In Brazil, there are only a few meals that aren’t accompanied by classic rice and beans. Brazilian beans are cooked with garlic, onions, and a couple of bay leaves for added flavor. Not only nutritious but delicious too, beans are a staple food in Brazil.

9. Banana Frita

Banana Frit

Incredibly popular in the north of Brazil, is a fried banana as a complement to lunch. The flavor of the banana changes a lot once it is fried, becoming incredibly strong and dominating the flavor of most meals it is served with. It is incredibly popular, especially in the Amazonas state.

10. Mayonese (Mayonnaise Salad)

Mayonese
Photo Credit: deliciascaseiras439

This is a popular Brazilian Christmas food, but you can also find it served daily. This recipe is an incredibly flavored mix of well-seasoned cooked vegetables drenched in a whole jar of mayonnaise.

The usual recipe has potatoes, carrots, string beans, corn, peas, onions, lemon juice, peppers, basil… To be fair it is hard to think of a vegetable that would ruin this delicious, calorie-packed vegetable dish.

11. Feijão Tropeiro (Tropeiro Beans)

Feijão Tropeiro

Another bean dish traditional in the southeastern region of Brazil, tropeiro beans is one of the few bean recipes that isn’t served with a thick broth. After being pressure cooked, the beans are fried in a pan with garlic, onions, eggs, bacon, and manioc flour. A great option for serving at barbecues too.

12. Empadão Goiano

Empadão Goiano

This is a typical salty pie from the state of Goiás which can be filled in various ways. It has a standard 15 cm diameter and is commonly filled with leftover shredded chicken or pork, minas cheese, olives, corn, guariroba (plant), and tomato sauce.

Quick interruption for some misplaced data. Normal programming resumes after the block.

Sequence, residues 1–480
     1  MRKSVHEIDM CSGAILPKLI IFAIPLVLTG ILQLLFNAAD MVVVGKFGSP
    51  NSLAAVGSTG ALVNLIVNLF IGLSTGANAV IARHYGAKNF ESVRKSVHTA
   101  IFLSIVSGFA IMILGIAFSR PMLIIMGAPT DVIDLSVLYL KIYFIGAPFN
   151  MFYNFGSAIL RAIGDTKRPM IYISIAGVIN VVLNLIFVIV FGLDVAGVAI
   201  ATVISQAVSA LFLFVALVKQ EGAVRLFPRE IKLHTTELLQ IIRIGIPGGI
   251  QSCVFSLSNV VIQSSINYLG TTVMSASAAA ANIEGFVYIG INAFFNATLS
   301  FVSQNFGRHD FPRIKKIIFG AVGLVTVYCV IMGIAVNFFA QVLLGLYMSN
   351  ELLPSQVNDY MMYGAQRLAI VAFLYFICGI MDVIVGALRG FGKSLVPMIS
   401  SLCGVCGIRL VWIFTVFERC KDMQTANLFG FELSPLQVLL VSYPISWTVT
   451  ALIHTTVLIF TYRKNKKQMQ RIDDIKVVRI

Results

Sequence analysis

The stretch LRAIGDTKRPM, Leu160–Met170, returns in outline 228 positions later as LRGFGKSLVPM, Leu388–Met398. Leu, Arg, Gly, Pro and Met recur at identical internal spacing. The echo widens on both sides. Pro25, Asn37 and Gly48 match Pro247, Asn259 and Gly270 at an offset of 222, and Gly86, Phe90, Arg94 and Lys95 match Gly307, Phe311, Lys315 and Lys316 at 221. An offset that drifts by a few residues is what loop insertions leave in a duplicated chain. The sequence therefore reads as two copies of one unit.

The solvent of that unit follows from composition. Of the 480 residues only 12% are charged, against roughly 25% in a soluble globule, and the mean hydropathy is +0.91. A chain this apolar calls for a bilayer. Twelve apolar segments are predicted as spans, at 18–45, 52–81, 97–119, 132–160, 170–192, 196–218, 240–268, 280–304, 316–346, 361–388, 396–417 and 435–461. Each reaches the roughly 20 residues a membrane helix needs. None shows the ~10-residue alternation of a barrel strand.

While it may seem like a great snack, it is incredibly popular as a delicious side for lunch.

13. Caruru

Caruru

Caruru is a very popular food traditionally served in the northeastern region of Brazil, especially in the state of Bahia. It is a recipe based on okra, with palm oil and roasted cooked nuts, and served with meat, usually shrimp, fish or beef.

It has an incredibly strong flavor that persists in the mouth. It is also considered a ritual food used in Candomblé offerings, and greatly appreciated by some deities.

14. Purê de Abóbora (Mashed Pumpkins)

Purê de Abobora
Photo Credit: togo.santana

A recipe with origins in the northeastern region of Brazil but popular in both the south and the north of the country, the mashed pumpkins are prepared in a similar fashion to mash potatoes. Milk, onions, and seasoned with peppers, this recipe is a delicious complement that can be served at most meals.

15. Suflê de Frango

Sufle de Frango
Photo Credit: bypass_12092019

This originally French recipe is a very popular dish that can be found at most feast, mainly Christmas and New Year’s Eve, but also for regular meals as a light protein option.

This recipe is based on grated chicken, potatoes, and parmesan cheese. It is also popular to add corn and peas to the mixture. It is an impressive dish that is a sure hit as a complement to any Brazilian meal.

16. Salada de Cuscuz

Salada de Cuscuz
Photo Credit: byflavianecruz

Cuscuz is a dish that was brought to Brazil by African slaves. The original recipe, however, has changed to using corn instead of wheat. It is the most popular breakfast option in the northeastern region of Brazil.

This dish is a salad made with cuscuz, which adds a delicious crunchiness to any dish. Common ingredients are tomatoes, raisins, olives, corn, mangoes, and parsley.


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Noaue Bittencourt Alencar

Noaue is a freelancing writer and history student at the University of Brasilia in Brazil’s beautiful capital city. He has spent his early childhood in the United States and is fluent in both Portuguese and English.